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Tips for Meaningful Visits to People with Memory Loss

Make the most of your time with people who have memory loss.

If you are a caregiver for someone who is suffering memory loss, it may fall on you to schedule visits with other family members. For those who are not used to the changing behaviors conditions such as Dementia or Alzheimer’s can bring, a visit can feel intimidating and unfamiliar. Here are some caregiving tips to help make each visit more positive and meaningful:

  • Visit the person in a setting they are used to – in their own room or their home. Unfamiliar settings may trigger increased anxiety and confusion.
  • Do not overwhelm them by bringing them to crowded, noisy gatherings. Visit them in a comfortable spot and invite family members and friends to come in and visit one or two at a time.
  • If a birthday or holiday is the reason for your visit, choose gifts that elicit long-term or sensory memories. Suggestions: an old family photo, a treat that they used to make themselves, a familiar perfume, potpourri, a soft scarf or sweater, or a CD of music that you know they love.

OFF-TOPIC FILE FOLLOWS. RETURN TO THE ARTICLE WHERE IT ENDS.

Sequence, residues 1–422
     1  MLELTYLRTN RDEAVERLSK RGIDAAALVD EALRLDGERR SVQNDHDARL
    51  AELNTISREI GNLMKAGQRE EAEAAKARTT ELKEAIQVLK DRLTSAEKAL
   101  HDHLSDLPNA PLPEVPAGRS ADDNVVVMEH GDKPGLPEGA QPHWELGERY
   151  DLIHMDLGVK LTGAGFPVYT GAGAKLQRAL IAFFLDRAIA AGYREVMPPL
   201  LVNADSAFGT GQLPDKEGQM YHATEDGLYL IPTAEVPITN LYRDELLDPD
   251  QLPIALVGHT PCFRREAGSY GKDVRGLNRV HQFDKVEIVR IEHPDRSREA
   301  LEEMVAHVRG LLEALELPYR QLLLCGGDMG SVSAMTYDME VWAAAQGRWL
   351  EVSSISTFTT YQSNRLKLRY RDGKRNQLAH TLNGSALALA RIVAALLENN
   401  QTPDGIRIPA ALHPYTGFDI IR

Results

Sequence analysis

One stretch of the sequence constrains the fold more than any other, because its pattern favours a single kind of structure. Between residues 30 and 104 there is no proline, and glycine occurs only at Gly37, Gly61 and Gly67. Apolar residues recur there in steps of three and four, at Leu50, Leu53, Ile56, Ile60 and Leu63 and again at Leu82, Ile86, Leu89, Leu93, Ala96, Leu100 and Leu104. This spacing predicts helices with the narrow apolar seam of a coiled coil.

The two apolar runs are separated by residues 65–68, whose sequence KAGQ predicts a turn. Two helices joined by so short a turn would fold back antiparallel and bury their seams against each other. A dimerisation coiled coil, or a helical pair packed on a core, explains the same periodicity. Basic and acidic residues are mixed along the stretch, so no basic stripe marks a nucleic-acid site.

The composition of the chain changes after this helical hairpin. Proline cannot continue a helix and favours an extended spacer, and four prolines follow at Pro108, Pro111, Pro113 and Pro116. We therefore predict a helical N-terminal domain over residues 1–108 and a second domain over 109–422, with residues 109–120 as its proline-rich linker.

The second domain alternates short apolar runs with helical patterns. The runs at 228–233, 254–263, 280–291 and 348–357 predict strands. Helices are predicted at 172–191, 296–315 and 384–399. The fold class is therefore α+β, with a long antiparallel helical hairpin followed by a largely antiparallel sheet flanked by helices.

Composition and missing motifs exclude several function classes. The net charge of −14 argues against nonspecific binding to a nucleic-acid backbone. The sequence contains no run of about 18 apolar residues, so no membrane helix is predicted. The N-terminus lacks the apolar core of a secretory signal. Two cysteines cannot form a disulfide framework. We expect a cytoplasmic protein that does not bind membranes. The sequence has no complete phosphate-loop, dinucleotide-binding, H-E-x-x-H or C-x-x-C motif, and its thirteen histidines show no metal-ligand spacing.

• Do not give gifts that require new learning, may break easily, or are irreplaceable. Remove all tags and packaging before giving.
  • Be aware that their limit-setting capabilities may be impaired, so give small quantities of treats – not an entire cake or a whole box of candy.
  • During your visit, guide the conversation to pleasant memories or family traditions.
  • If possible, engage them in an activity such as looking at a photo album or working on a craft together.

Join the Conversation.

We’d love to hear your experiences and your unique ideas about spending time with people who have memory loss. Please share your comments below.

About the Author:

Karoline Hutson is the Marketing Communications Specialist at Chicagoland Methodist Senior Services. For more Alzheimer’s and Dementia caregiving tips geared to enhance visits to those with memory loss, please visit the Chicago Senior Pulse Blog.

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2 Replies

  • By Janice Malcolm

    Depending on the stage of the dementia often they still do enjoy going to a concert, a walk in a park, a visit to a lake, time with a pet. They may no longer be near the lake they use to visit but you can take them to a lake nearby and talk about the memories. If they are physically healthy a nice walk is not only uplifting but it is good exercise and keeping them strong protects against fall risk, blood clots etc… If you are concerned if it would be too much for them, take a wheelchair. They can use it to hold on to as they walk and sit down if they get tired. My Mother loved to dance and she didn’t need to know her name to do it!

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